Debate and Discussion

Fan art: legit or copyright infringement?
jalford at 1:02PM, Jan. 29, 2006
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Saw this statement on Anime News Network

“Otakon has announced via their forum (registration required) that the sale of fan art based on properties that the artist does not own the copyright for or have a license to produce will not be permitted at the Otakon artists' alley this year.

The full text of the statement reads:

Otakon's Artists Alley will be actively disallowing the sale of unlicensed copyrighted materials. If you own it, you can sell it. If you have license to it, you can sell it. But if it has material (images, sounds, etc.), in whole or in part, to which you DO NOT have permission to sell, then that material will not be allowed in the Artists Alley. Anyone found in violation of this rule loses their retail space in Artists Alley for the remainder of the convention. (The above statement will be officially/legally worded and posted on the site during February, after our lawyer and Otakorp President have approved it.)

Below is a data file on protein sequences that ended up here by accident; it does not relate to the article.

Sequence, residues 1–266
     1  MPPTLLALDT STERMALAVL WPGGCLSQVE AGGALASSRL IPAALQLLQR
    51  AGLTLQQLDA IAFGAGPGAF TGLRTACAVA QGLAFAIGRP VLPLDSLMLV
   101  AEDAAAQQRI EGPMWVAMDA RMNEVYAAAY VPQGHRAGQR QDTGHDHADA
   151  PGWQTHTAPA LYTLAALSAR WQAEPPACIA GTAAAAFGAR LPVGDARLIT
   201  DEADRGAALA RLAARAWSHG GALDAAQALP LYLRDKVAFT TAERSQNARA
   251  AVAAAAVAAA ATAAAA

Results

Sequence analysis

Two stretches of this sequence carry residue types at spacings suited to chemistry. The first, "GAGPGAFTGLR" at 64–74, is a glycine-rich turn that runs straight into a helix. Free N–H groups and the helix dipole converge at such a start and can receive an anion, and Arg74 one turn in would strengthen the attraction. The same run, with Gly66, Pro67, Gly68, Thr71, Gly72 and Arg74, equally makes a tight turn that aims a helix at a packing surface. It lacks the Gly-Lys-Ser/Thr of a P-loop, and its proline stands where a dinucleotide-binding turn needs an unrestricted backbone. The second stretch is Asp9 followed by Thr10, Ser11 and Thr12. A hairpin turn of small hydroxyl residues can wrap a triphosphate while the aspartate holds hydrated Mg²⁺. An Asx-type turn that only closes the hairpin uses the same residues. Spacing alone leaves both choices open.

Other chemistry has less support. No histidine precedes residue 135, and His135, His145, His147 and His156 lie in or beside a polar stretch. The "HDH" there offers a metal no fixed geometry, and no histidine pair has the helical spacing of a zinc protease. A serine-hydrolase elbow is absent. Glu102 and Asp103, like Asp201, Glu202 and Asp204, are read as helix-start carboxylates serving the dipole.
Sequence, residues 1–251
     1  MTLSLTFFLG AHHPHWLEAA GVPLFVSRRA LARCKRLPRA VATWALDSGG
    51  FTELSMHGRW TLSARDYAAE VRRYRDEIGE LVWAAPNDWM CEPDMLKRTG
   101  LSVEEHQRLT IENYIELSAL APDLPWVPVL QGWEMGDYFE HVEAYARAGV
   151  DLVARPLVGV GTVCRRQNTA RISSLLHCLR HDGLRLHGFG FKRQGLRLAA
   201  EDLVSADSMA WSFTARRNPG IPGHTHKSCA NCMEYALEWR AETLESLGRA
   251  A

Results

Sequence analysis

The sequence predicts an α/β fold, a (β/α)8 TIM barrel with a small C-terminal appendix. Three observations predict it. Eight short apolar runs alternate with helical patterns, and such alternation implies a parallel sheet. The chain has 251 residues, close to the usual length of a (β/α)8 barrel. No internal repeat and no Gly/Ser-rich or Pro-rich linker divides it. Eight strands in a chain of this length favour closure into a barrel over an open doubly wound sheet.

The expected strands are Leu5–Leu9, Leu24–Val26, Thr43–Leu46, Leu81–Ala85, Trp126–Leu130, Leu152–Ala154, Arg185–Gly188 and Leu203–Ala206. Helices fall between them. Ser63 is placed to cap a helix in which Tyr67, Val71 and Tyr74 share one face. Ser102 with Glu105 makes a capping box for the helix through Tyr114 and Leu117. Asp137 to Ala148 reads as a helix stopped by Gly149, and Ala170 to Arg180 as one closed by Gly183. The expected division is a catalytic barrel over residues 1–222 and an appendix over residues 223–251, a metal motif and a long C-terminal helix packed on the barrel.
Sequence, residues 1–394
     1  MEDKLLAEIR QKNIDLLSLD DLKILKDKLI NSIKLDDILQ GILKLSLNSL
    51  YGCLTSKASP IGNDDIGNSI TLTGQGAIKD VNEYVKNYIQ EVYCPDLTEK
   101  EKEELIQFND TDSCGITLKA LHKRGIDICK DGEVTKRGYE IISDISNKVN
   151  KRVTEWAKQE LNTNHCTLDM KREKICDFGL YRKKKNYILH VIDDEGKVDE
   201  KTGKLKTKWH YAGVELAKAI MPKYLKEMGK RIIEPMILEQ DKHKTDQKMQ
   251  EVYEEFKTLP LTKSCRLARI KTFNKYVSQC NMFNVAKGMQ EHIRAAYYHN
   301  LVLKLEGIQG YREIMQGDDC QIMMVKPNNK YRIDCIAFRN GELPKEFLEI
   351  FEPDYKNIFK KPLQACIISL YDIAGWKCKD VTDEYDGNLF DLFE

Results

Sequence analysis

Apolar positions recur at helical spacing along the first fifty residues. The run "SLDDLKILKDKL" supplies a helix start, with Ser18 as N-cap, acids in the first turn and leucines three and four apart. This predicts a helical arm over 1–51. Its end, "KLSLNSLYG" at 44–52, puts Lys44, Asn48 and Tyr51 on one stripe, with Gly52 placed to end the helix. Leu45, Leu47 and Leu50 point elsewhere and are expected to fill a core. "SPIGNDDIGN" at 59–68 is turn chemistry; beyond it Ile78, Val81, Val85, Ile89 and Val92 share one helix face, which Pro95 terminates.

5b. Policy for the DISPLAY of unlicensed copyrighted material - provided it is NOT FOR SALE - is currently under review.

Works of parody, for which the U.S. legal code permits fair use exemptions to copyright, may be permitted. These will be reviewed on a case by case basis.”

So do you think fan art(this isn't fan comics!)should be sanctioned at American anime/comic cons, or have to be put through this kind of scrutiny?
last edited on July 14, 2011 1:06PM
T_K at 1:18PM, Jan. 29, 2006
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selling fanart shouldnt be legal I think but drawing it and not selling it no sweat.
last edited on July 14, 2011 4:36PM
ccs1989 at 1:28PM, Jan. 29, 2006
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Wow. Way to go Otakon. They just made a bunch of unhappy artists.
http://ccs1989.deviantart.com

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last edited on July 14, 2011 11:37AM